16 Songs, 56 Minutes

EDITORS’ NOTES

Comprising a solid 16 tracks of the band’s basic essentials, this may be all the Meters you’ll need — especially in a house party (or similarly social) situation where musical attention spans tend to run on the short side. It all begins with the airtight fink of “Cissy Strut,” the organ grinding “Live Wire” and the simmering “Sophisticated Cissy” from the band’s 1969 eponymous debut. “Look-Ka Py Py” best exemplifies the band’s redefining New Orleans funk with some inspiration from Booker T. & The M.G.’s (especially in Art Neville’s soulful Hammond organ playing) and an uncanny chemistry  between bass player George Porter Jr. and drummer Joseph Modeliste. Meanwhile “Soul Island” from 1972’s Cabbage Alley perfectly illustrates how Leo Nocentelli approaches guitar as a rhythm player first and foremost before the album’s title-track introduces some singing to the compilation as well as an infectiously groovy percussive breakdown. The horn section and polished production on “Hey Pocky A-Way” from 1974’s Rejuvenation added another delicious ingredient to the Meter’s funky gumbo.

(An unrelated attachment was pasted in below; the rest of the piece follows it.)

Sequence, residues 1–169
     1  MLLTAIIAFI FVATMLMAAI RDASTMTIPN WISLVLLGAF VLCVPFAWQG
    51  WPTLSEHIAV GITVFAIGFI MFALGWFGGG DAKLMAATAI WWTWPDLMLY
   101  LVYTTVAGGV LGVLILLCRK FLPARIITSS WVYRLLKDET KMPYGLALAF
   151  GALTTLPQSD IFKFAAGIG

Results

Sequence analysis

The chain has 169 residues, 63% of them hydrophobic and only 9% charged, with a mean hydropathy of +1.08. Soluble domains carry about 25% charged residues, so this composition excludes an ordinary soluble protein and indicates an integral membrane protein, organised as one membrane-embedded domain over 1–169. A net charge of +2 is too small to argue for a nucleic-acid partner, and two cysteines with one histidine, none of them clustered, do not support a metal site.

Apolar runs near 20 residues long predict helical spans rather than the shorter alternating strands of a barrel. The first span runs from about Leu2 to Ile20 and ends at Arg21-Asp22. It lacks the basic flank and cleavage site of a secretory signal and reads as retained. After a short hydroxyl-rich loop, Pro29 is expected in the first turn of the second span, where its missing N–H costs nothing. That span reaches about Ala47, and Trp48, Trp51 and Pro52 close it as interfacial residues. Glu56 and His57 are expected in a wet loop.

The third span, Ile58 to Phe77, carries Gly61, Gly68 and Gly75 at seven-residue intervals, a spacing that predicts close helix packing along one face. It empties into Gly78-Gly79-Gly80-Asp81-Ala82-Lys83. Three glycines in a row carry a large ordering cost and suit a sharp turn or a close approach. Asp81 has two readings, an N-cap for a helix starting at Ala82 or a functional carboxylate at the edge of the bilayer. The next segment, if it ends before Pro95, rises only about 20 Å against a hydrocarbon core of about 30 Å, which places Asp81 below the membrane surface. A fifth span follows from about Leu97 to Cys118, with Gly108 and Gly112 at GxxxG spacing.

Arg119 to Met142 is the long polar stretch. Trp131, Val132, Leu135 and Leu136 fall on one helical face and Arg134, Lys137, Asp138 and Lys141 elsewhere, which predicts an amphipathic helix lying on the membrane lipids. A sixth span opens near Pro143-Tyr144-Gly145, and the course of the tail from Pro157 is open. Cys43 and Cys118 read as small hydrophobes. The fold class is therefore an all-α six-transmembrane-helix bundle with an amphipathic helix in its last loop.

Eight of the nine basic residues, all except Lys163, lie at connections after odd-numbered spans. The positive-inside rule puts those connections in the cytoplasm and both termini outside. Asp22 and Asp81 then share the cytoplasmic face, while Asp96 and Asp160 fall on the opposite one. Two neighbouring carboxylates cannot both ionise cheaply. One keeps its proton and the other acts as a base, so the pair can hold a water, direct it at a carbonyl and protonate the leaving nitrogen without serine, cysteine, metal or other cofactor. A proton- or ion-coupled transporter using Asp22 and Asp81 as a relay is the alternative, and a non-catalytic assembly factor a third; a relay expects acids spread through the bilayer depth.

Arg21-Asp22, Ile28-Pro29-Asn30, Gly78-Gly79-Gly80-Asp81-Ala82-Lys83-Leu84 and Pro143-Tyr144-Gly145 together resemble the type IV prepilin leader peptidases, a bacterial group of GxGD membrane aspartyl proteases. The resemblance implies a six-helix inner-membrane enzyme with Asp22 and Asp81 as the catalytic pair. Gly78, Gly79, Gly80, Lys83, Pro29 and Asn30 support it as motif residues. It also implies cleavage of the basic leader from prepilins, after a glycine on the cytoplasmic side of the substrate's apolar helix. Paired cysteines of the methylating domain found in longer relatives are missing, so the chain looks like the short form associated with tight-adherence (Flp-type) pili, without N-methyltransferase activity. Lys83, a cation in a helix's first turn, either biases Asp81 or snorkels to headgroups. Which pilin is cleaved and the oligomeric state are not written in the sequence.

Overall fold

EDITORS’ NOTES

Comprising a solid 16 tracks of the band’s basic essentials, this may be all the Meters you’ll need — especially in a house party (or similarly social) situation where musical attention spans tend to run on the short side. It all begins with the airtight fink of “Cissy Strut,” the organ grinding “Live Wire” and the simmering “Sophisticated Cissy” from the band’s 1969 eponymous debut. “Look-Ka Py Py” best exemplifies the band’s redefining New Orleans funk with some inspiration from Booker T. & The M.G.’s (especially in Art Neville’s soulful Hammond organ playing) and an uncanny chemistry  between bass player George Porter Jr. and drummer Joseph Modeliste. Meanwhile “Soul Island” from 1972’s Cabbage Alley perfectly illustrates how Leo Nocentelli approaches guitar as a rhythm player first and foremost before the album’s title-track introduces some singing to the compilation as well as an infectiously groovy percussive breakdown. The horn section and polished production on “Hey Pocky A-Way” from 1974’s Rejuvenation added another delicious ingredient to the Meter’s funky gumbo.

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